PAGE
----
EMA Top 3 Product Selection Process

Jun 16, 2017 5:14:24 PM

(You can read more about the content of the EMA Top 3 - Enterprise Decision Guide in my first Post)

I’ve been getting this question a lot lately, so I want to explain in a little bit of detail how Enterprise Management Associates (EMA) has picked its EMA Top 3 vendors. It is important to keep in mind that this report does not have the ambition to compare products on a feature by feature level. It also does not have the ambition to preserve traditional product categories and tell enterprises what they already know.

[embed width="500"]https://www.youtube.com/watch?v=otqvJPQ4PYA[/embed]

So what DOES it Do?

It provides customers with pragmatic advice for their own Digital Transformation process. The EMA Top 3 report shows enterprises where the pitfalls are, what their peers are doing today and how to start looking for a solution. You should regard our EMA Top 3 vendor recommendations as a starting point that shows you, the enterprise customer, an mix of traditional and new products, all unified by looking at known challenges from a new angle.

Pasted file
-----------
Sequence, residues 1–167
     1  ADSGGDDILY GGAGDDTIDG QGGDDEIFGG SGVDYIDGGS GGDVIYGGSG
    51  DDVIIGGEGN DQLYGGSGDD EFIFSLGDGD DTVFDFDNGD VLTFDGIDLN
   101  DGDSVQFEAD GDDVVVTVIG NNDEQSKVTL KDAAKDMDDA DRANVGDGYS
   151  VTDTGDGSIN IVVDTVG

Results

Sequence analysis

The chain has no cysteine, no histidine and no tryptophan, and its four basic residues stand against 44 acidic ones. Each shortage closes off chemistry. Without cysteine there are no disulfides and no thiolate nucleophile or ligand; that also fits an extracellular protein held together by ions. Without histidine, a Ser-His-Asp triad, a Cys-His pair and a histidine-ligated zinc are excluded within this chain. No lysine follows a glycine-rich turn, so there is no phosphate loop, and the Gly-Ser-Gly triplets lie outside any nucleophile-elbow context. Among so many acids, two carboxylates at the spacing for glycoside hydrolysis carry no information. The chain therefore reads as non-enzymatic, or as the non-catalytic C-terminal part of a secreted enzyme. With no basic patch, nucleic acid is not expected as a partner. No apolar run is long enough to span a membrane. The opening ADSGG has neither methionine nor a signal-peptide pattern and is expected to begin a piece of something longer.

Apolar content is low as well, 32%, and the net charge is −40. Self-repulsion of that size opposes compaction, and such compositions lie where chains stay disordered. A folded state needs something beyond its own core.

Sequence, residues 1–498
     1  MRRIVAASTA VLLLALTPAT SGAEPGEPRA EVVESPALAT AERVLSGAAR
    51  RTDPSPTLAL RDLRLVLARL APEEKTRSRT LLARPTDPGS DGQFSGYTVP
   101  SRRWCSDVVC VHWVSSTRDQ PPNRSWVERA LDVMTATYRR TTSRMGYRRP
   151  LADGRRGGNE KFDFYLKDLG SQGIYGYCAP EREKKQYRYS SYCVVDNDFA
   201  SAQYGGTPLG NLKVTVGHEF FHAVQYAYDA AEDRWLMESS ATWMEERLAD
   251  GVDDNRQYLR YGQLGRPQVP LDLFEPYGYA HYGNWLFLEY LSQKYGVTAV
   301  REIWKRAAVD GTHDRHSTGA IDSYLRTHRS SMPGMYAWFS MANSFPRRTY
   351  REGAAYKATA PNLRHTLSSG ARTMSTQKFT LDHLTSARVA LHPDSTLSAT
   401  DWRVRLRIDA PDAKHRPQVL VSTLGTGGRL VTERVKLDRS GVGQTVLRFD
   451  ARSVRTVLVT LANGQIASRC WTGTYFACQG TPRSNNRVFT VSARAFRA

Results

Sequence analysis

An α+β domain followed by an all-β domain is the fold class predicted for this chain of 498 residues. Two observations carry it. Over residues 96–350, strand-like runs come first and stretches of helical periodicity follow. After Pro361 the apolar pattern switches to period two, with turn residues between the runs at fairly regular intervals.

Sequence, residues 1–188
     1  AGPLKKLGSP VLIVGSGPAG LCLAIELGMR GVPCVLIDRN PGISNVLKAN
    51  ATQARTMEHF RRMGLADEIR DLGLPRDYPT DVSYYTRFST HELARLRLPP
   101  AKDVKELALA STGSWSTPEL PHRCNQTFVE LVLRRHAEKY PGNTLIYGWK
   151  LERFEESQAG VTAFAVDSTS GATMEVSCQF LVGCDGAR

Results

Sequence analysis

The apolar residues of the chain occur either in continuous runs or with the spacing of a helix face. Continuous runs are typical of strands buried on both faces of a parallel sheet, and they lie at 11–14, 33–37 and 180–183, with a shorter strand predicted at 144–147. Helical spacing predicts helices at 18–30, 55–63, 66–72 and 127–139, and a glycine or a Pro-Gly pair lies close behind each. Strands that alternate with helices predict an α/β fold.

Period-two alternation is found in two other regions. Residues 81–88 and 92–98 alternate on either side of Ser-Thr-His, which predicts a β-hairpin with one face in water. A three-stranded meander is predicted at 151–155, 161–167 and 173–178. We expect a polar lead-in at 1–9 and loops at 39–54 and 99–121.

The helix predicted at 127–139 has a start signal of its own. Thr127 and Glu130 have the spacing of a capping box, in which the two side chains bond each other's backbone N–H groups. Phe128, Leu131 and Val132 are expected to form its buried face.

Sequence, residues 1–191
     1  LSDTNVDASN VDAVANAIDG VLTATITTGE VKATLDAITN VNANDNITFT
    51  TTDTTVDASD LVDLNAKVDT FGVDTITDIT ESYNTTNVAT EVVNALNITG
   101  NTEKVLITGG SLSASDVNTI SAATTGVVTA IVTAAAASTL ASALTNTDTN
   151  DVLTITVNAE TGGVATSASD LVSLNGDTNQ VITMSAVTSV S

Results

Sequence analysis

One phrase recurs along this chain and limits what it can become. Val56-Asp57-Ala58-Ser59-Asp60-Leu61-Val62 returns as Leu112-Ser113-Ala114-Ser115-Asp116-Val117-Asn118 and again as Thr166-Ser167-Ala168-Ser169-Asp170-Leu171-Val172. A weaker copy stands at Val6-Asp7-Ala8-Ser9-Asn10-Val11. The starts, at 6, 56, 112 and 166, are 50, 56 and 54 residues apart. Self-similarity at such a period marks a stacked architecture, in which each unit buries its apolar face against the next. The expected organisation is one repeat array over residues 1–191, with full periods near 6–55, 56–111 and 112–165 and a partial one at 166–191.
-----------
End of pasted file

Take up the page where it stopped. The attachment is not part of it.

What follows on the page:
Empirical Foundation: First We Established the Criteria

We asked 260 enterprises in NORAM numerous questions regarding what works for them and what causes them pain in hybrid cloud, containers, monitoring, serverless computing, SecOps and topics related to their own Digital Transformation. This led us to 10 key pain points and investment priorities for the following 12 months.

Next we Made Key Recommendations

We talked to customers and partners, many of them VARs and integrators, to determine what has worked for their customers and what hasn’t

And here’s How We Selected Our Vendors (see the infographic but also look at the Examples below)
Ok, this was how we selected the 10 Investment Priorities for 2017, but how did we choose the EMA Top 3 vendors. We simply used the following guiding questions:
Features and capabilities aligned with empirical data: How well are the current product capabilities aligned with the requirements derived from the empirical dataset and the recommendations created in dialogue with customers and partners.

Example: E.g. a vendor has done an excellent job in demonstrating that their product enables the monitoring and management of public and private cloud through a single pane of glass. Other vendors may have more capabilities in terms of container management or go deeper when it comes to monitoring serverless functions, but this vendor offers the end to end solution that corresponds to the customer pain point “single pane of glass monitoring and management.”

Strategic fit with today’s key IT trends: When selecting IT vendors, there are often elements to consider that can dramatically increase the value of an IT solution. These are elements that bring tangible business advantages by aligning the customer's hybrid environment with key mega trends such as Containers, Machine Learning and DevOps.